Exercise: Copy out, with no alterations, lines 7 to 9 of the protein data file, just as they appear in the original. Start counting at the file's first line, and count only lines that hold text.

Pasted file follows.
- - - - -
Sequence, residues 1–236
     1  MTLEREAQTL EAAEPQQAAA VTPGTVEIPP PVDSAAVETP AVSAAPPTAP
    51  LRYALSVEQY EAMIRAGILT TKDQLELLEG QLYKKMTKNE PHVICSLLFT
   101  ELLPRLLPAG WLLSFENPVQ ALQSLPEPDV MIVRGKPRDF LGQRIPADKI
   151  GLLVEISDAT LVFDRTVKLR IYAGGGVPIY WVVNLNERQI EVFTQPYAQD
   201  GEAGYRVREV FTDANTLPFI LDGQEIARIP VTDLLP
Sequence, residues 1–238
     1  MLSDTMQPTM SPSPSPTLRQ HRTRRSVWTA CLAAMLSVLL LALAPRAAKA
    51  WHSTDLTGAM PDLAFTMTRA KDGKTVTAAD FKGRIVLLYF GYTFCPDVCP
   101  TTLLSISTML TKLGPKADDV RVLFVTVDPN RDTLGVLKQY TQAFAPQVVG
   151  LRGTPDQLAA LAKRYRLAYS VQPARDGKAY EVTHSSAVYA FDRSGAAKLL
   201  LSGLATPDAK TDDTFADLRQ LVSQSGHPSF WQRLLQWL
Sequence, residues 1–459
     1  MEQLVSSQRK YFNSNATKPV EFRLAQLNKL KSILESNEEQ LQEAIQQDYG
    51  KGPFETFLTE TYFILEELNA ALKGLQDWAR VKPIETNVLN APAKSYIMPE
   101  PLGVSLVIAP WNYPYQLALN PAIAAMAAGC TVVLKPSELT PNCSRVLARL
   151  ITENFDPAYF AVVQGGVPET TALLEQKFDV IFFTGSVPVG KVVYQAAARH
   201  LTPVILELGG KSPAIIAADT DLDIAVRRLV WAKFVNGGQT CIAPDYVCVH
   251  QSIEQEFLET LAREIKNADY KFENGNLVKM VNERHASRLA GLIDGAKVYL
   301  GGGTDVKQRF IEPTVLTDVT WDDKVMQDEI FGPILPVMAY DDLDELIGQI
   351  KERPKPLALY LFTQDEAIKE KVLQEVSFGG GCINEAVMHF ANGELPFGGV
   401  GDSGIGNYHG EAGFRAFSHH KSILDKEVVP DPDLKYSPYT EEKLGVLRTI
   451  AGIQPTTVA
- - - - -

Sequence, residues 1–238
     1  MLSDTMQPTM SPSPSPTLRQ HRTRRSVWTA CLAAMLSVLL LALAPRAAKA
    51  WHSTDLTGAM PDLAFTMTRA KDGKTVTAAD FKGRIVLLYF GYTFCPDVCP